“Pastor Benny Hinn and his immediate family were shocked and saddened to learn of this news without any previous notice,” Benny Hinn Ministries said Thursday in a statement. “Although Pastor Hinn has faithfully endeavored to bring healing to their relationship, those efforts failed and were met with the petition for divorce that was filed without notice.”

This is of course very sad, and reminiscent of the high profile divorce of Todd Bentley a couple of years ago. In this case there is no suggestion that any other woman, or man, was involved. Very likely the main underlying issue is that the high pressure work of a modern American evangelist is incompatible with a normal family life.

Raised with Christ: Review part 5

Daniel Kirk (no relation, thanks to Doug for the link), writing about Lent which started yesterday (for those of us in the western tradition, so not Esteban for whom it started on Monday), notes:

Even worse than pretending that [Jesus] hasn’t come yet, however, is pretending that he isn’t raised yet, that he isn’t Lord of all, that we are living in a time of cross without resurrection. …

And so for Lent this year, I am giving up stopping talking about the resurrection. Though I can’t promise I’ll blog on the resurrection every day for forty days, I will blog about it at least a couple times a week, reflecting on the reality that we truly live under right now.

Well, I’m not going to try to match Daniel. But I will continue my own series on the resurrection in the form of my ongoing review, or précis, of Adrian Warnock’s book Raised with Christ, a book whose aim is to stop Christians “pretending that [Jesus] isn’t raised yet, that he isn’t Lord of all, that we are living in a time of cross without resurrection”.  This is part 5 of the review I started herepart 2, part 3, part 4.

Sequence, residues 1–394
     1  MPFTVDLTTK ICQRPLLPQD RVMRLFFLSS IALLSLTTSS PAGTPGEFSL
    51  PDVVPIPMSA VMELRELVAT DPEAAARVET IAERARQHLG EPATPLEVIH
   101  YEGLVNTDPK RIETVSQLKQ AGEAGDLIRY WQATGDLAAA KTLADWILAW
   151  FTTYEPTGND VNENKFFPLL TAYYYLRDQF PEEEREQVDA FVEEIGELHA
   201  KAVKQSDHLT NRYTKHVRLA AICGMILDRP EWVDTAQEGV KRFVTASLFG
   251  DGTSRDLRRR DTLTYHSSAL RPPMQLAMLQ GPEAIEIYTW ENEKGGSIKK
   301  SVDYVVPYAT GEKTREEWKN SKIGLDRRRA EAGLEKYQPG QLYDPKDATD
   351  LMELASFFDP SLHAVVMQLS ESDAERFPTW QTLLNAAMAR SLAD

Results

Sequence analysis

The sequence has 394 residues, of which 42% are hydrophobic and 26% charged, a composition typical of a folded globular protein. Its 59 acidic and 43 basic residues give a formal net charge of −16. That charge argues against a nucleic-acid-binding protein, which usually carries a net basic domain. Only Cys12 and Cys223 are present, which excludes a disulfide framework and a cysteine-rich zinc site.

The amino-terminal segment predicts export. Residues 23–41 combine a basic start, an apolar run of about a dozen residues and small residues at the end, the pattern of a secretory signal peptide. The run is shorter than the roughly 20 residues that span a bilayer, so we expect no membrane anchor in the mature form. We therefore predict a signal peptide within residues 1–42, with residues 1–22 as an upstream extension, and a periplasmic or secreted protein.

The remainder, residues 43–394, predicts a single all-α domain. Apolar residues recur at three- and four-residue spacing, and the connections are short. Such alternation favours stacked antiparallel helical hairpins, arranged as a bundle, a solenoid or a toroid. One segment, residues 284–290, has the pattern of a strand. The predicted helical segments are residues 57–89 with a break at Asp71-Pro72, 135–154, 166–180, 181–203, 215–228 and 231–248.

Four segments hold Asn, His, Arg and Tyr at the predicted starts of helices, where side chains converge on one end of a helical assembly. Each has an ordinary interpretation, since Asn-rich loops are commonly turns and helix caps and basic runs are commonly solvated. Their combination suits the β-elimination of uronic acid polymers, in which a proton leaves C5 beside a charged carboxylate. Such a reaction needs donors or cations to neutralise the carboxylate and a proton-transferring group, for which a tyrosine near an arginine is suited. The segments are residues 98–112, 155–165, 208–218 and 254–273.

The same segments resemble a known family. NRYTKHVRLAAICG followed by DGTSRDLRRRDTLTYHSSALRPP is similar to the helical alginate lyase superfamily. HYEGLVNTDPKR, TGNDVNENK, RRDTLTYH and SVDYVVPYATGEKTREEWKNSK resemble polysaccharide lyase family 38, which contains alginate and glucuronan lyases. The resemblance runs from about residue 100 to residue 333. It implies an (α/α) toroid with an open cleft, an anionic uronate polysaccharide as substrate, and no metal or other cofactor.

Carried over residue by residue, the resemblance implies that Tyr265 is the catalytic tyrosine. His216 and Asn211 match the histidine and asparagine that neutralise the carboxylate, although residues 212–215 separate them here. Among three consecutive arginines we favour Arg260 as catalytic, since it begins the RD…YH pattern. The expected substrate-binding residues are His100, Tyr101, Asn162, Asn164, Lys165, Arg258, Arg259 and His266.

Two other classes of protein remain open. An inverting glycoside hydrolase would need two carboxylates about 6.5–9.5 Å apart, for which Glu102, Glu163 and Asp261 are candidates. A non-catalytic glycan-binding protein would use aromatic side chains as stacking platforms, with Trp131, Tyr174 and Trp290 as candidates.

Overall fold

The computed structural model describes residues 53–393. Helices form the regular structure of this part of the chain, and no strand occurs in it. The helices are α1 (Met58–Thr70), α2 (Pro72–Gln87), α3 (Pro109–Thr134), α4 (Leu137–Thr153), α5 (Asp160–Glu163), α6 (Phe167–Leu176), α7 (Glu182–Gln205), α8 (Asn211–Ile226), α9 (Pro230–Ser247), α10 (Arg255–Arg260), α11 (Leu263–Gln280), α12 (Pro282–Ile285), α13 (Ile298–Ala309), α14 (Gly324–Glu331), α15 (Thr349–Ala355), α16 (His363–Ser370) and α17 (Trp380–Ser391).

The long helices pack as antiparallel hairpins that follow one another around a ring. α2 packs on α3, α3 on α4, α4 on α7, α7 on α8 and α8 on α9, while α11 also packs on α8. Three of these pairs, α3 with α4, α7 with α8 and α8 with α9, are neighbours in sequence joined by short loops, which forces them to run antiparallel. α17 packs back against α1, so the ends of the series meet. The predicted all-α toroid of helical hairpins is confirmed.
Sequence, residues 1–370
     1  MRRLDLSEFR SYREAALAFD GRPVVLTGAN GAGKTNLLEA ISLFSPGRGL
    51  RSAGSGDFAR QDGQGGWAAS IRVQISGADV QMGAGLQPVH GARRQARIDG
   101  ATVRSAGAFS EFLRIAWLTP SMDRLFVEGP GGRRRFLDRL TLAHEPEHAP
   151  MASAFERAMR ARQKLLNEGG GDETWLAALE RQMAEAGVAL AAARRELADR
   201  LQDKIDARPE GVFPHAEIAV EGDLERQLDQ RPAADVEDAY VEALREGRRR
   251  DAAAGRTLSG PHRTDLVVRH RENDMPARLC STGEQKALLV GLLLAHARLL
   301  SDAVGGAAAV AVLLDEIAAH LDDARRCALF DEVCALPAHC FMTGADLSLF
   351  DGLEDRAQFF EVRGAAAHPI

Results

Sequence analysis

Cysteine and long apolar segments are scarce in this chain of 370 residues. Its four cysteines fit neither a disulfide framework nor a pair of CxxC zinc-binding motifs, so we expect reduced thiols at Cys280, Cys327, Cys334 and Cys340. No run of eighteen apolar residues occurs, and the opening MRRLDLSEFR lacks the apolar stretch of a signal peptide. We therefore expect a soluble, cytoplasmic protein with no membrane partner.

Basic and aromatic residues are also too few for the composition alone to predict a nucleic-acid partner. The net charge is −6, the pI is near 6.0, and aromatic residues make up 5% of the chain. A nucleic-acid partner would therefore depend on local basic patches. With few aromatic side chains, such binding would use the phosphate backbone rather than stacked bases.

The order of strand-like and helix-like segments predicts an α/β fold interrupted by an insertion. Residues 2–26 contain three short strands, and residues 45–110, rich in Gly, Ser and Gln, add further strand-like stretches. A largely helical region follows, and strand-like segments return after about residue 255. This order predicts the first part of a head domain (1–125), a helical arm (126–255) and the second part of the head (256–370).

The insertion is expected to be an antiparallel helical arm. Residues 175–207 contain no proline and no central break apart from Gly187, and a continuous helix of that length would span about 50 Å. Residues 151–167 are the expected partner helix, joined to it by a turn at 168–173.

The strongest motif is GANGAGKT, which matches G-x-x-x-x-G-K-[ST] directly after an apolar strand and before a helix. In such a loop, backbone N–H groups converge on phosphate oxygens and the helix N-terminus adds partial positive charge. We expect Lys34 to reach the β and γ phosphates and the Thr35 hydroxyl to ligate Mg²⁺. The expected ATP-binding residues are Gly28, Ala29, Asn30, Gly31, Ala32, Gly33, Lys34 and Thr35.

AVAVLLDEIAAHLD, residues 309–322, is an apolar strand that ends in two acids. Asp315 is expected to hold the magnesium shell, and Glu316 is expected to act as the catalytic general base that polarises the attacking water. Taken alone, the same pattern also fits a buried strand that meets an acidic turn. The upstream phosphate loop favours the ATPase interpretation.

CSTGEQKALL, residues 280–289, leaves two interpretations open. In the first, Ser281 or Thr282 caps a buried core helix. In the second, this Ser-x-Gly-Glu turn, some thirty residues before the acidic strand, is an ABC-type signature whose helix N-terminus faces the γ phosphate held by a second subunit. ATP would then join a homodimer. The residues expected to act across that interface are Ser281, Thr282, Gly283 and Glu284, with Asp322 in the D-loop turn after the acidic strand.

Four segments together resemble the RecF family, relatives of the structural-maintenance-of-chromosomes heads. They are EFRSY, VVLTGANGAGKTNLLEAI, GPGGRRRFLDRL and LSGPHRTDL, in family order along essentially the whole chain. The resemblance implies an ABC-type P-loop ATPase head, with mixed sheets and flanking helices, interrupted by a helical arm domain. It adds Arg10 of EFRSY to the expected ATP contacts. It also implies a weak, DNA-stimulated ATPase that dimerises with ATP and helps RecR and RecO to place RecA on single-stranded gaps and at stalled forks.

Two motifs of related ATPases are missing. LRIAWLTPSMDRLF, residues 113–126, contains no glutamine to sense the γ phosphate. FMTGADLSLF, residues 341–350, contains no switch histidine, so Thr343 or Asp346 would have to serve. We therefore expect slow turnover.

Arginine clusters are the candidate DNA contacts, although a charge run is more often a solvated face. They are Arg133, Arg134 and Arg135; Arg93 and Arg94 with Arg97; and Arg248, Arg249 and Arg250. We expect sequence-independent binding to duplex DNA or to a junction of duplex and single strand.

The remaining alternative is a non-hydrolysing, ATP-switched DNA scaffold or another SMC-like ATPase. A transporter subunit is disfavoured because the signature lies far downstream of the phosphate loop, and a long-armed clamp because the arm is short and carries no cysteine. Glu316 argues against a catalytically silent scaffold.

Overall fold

In chapter 10, which is just about the mid-point of the book, Adrian comes to what looks like the heart of his argument, with a chapter “Resurrected with Jesus”. His main point here is to identify being raised with Christ with being born again. He appeals to John Piper to support what he says about

the frightening prospect … that many churches are full of people who have not actually been born again. (p.135)

Yes, there seem to be so many Christians who always, not just during Lent, seem to be “living in a time of cross without resurrection”, not pretending but really living like that. They may listen attentively to all kinds of sound Reformed teaching about the cross. But if they have never been taught and accepted for themselves that Jesus is alive and can give them new life, then have they really been born again to that new life?

Adrian continues with an interesting point about us, those of us who are truly born again, being seated in heavenly places:

It may seem a bit fanciful, but I sometimes like to think of our current life as being a bit like a form of virtual reality. The true reality is, we are already seated in heaven, no matter what is happening to us in this world. (p.139)

As I was preparing this post I came across the article on which I based my previous post, Our world may be a giant hologram. Perhaps Adrian’s fancy ties up with what scientists are discovering, that reality is not so much what we see in the world as what happens in another realm. If God is in that other realm, and is the one in real control of what happens in our world, then we too as Christians are seated in that realm with him – and what we see in this world is only a “hologram” of our real selves. Of course this is speculation – and mostly mine, not Adrian’s.